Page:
In addition to my marketing agency I also own a business called Tog Loft. At Tog Loft we provide space, education, and community to photographers, many of whom are entrepreneurs. 

There are so many times when I think I could help a photographer and save them from some disaster by telling them, “no” to an idea that I believe will get in the way of their success, or maybe even lead to failure. What I’ve learned is to channel my inner Eddie Chiudionni.

Countless times I’ve watched a photographer spend money they don’t have on expensive photography gear that they don’t need. More often than not I see people buying stuff rather than putting in the work required to learn to be a better photographer.

For a long time when people asked my opinions on purchases I told them what I thought they “needed to hear.” I’d say, “You don’t need a camera, you need to put in the hours shooting and look at your work with a critical eye, and challenge yourself to do more, and better.” 

Guess what? Every single time I had that conversation people bought the camera. Furthermore, most of those people probably discovered that I was right. Their photography didn’t really improve. 

They also didn’t come back to Tog Loft to learn what they needed to learn, which means we lost them as a customer. I imagine that they likely felt discouraged, and I no doubt planted that seed of discouragement. 

More than tactical unsolicited advice I’ve found that photographers need someone in their corner cheering them on. Failure is a critical part of the process of learning, business, and life, and my role is to be there and say “yes” when everyone else is saying, “no.”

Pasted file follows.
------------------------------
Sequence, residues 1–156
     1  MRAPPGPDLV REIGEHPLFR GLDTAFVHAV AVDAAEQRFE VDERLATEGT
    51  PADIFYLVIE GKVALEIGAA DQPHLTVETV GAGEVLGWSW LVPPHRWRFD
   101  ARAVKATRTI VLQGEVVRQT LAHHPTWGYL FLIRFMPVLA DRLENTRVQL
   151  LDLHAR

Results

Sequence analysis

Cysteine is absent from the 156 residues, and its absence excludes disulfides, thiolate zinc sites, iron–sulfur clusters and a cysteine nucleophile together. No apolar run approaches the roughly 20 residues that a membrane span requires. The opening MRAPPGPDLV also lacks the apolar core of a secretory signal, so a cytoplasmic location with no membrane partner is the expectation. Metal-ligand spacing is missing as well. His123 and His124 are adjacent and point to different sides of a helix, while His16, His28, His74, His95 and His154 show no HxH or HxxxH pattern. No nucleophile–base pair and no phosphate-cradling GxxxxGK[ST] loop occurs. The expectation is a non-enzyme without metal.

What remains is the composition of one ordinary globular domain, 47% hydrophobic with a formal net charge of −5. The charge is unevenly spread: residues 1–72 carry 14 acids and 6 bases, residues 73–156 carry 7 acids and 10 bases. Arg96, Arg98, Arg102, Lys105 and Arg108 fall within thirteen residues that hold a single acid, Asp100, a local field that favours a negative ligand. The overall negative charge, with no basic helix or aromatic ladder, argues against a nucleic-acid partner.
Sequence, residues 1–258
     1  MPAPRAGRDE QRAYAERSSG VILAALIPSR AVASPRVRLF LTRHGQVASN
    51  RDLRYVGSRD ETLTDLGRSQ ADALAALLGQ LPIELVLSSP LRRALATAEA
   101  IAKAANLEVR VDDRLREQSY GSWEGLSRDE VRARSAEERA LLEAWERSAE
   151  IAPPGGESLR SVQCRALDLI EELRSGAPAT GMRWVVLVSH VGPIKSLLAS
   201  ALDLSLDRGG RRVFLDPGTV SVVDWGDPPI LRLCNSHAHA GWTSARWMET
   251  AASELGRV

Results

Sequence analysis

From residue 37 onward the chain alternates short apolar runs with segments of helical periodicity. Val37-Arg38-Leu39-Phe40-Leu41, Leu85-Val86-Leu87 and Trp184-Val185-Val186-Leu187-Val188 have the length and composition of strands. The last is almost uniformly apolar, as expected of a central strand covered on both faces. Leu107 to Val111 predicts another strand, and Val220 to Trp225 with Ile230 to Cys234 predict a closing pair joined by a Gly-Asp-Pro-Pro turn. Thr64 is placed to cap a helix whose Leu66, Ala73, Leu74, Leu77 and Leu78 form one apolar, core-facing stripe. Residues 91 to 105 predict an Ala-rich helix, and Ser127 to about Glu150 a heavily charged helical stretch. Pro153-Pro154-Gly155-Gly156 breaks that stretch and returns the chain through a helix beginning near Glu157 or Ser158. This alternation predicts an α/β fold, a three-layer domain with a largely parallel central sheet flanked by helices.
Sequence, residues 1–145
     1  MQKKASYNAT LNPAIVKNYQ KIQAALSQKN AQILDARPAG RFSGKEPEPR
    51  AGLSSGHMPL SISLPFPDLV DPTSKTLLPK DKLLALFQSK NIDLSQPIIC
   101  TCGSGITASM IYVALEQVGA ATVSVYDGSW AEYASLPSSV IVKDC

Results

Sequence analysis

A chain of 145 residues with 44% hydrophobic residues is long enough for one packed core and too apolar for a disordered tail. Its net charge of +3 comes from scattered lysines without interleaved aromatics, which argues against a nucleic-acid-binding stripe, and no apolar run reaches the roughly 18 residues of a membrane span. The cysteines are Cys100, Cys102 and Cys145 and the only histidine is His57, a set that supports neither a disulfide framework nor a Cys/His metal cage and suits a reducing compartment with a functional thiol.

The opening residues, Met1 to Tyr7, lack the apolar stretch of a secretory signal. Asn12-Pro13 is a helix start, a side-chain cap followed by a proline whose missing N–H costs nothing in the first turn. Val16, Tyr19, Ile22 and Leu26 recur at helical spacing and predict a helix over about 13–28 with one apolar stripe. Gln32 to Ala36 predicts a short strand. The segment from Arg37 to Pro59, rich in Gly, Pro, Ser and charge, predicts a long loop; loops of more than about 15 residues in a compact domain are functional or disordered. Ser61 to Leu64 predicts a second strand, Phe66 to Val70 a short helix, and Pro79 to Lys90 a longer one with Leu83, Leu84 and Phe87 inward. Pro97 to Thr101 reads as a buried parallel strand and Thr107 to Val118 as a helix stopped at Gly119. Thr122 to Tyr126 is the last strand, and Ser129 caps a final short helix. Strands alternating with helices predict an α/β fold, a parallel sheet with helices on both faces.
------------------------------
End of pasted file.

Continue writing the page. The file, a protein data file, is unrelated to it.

Now when people want to buy expensive gear I say, “Cool, you’ll be able to do amazing things with that camera.” Invariably they learn on their own how hard it is to do those amazing things, but now they know I’m here to help so they come back through my door when they are ready to learn.

What to say yes to

Absolutely say no when appropriate, but here are some times to consider saying yes: 

New ideas: When someone has an idea, even if you think it’s terrible, just consider the possibility. Listening to and entertaining an idea doesn’t mean you have to execute it.

Different perspectives: So you’re a conservative, or a liberal, maybe you’re vegan, or religious, or an atheist–whatever the case may be, you believe what you believe for a reason, and that’s great. That doesn’t mean you get to say no to everything that doesn’t align with your way of looking at the world. Welcome and say “yes” to another way of looking at the world.

Dreams and Big Ideas: I’d like to challenge you to shift your thinking and live as if nothing is impossible. When someone is brave enough to believe in something that others view as impossible applaud it, even if you have your doubts. Everything that has ever been accomplished was once impossible, and then someone had the audacity to do it.

Kindness: If something is kind it is always worth considering. In our ever-connected world people increasingly face cruelty, injustice, and indifference. Whenever you have the opportunity say yes to kindness. The dividends are immeasurable. 

Lou Graziani
Whether working on his comic, illustrating a Rastafarian banana, or coding a complex e-commerce site his real obsession is visual storytelling.